Debates about global economic governance bring the tensions of reconciling order and justice in world affairs into sharp focus. Every economic order makes some claim to justice. Free-market capitalism is said to reward the hard-working and entrepreneurial. Centrally planned economies are said to protect the poor and unfortunate. Equally, at the international level debates rage about order, justice, and the role of governments. What should the IMF, the World Bank, or the World Trade Organization do? What 'public goods' should they produce? Whose interests should they further? And to whom, in the end, are they accountable? Every international organization is built upon some understanding of international order and the requirements of stability in world affairs. So, too, each is underpinned by a vision of justice that guides the broader purposes of the organization and imbues it with legitimacy in carrying out its day-to-day work. But the demands of order and justice in the global economy are extremely difficult to define.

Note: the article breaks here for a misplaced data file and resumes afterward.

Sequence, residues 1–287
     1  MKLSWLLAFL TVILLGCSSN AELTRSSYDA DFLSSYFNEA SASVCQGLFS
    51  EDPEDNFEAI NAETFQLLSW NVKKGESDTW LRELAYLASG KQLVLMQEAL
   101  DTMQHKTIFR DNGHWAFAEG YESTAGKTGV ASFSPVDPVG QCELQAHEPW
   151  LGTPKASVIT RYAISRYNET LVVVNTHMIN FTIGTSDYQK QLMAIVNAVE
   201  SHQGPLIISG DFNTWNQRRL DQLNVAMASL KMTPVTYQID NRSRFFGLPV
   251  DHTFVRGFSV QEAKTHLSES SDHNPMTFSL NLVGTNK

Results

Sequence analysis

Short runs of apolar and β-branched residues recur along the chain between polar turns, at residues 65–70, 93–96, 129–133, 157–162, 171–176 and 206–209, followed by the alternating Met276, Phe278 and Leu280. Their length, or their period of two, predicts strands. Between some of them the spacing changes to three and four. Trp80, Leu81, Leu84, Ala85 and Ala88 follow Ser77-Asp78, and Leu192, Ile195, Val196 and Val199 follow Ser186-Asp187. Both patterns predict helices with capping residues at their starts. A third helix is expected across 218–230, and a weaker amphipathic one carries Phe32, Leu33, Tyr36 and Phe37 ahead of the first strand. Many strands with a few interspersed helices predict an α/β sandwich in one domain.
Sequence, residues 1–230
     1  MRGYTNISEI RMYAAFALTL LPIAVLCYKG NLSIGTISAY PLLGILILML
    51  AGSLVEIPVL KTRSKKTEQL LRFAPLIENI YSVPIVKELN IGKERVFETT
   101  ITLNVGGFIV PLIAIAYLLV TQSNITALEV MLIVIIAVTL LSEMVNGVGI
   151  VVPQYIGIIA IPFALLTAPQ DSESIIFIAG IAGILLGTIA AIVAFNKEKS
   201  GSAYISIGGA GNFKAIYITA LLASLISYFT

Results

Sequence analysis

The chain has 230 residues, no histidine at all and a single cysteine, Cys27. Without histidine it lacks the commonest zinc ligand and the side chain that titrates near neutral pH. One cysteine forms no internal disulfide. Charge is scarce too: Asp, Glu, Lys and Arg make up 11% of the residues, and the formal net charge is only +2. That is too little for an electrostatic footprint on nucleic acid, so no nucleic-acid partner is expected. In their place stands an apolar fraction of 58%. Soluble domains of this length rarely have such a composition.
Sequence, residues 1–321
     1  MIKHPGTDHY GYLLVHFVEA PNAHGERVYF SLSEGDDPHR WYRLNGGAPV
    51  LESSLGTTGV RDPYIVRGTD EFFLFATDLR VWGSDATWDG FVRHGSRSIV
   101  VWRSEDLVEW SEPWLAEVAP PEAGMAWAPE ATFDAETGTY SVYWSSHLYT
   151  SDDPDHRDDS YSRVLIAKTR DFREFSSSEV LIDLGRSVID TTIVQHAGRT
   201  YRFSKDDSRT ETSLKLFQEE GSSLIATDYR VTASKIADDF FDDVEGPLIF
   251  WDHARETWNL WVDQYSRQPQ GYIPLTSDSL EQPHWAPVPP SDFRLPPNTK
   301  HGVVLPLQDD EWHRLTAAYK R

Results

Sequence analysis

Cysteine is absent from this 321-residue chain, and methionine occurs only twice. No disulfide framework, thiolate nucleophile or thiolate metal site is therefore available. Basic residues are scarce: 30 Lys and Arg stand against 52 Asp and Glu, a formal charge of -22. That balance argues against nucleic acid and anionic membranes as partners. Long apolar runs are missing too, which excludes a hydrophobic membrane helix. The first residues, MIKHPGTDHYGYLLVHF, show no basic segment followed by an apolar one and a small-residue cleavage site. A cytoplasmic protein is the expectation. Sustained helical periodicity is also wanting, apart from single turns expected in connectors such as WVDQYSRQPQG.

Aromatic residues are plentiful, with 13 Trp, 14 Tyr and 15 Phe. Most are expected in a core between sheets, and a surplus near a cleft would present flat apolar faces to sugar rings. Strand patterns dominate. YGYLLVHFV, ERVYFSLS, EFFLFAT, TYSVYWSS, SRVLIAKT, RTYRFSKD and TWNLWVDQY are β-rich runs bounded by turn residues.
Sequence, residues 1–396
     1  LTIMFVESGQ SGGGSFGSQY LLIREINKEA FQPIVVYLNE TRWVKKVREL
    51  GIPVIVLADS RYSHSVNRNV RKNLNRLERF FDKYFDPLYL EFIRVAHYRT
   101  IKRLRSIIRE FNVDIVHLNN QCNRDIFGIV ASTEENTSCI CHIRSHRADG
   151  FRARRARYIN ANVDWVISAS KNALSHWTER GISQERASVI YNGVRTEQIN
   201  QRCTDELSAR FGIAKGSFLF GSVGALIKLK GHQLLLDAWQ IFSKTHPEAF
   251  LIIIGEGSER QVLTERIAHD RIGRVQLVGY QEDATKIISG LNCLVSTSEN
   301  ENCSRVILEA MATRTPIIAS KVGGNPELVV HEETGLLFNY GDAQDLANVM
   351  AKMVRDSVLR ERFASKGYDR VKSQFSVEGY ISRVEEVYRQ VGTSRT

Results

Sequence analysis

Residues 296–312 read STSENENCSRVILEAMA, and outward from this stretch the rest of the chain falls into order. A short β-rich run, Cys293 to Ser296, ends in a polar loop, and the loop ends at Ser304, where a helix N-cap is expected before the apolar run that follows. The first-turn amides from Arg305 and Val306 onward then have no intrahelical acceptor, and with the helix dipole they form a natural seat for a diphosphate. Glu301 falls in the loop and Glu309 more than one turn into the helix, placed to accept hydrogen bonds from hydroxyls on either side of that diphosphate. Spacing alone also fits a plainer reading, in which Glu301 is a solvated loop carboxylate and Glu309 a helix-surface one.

Achieving order in a globalizing economy is becoming ever more complex. International flows of capital, investment, goods, services, information, and corporate organization are increasing in quantity and speed. Managing the global economy was never an easy task, and in the twenty-first century it is one fraught with more fragilities and instabilities than ever before. This was dramatically demonstrated by the economic consequences of the terrorist attacks on the US on 11 September 2001. As stock markets plunged and national airlines faced bankruptcy, policy-makers were forced to reassess the issue of how to intervene effectively in a global economy. Even before September 2001, the experiences of the 1990s had proven that a crisis in Thailand could provoke a financial collapse in Russia that would itself reverberate rapidly into the corridors of an investment fund in Greenwich, Connecticut. When the US hedge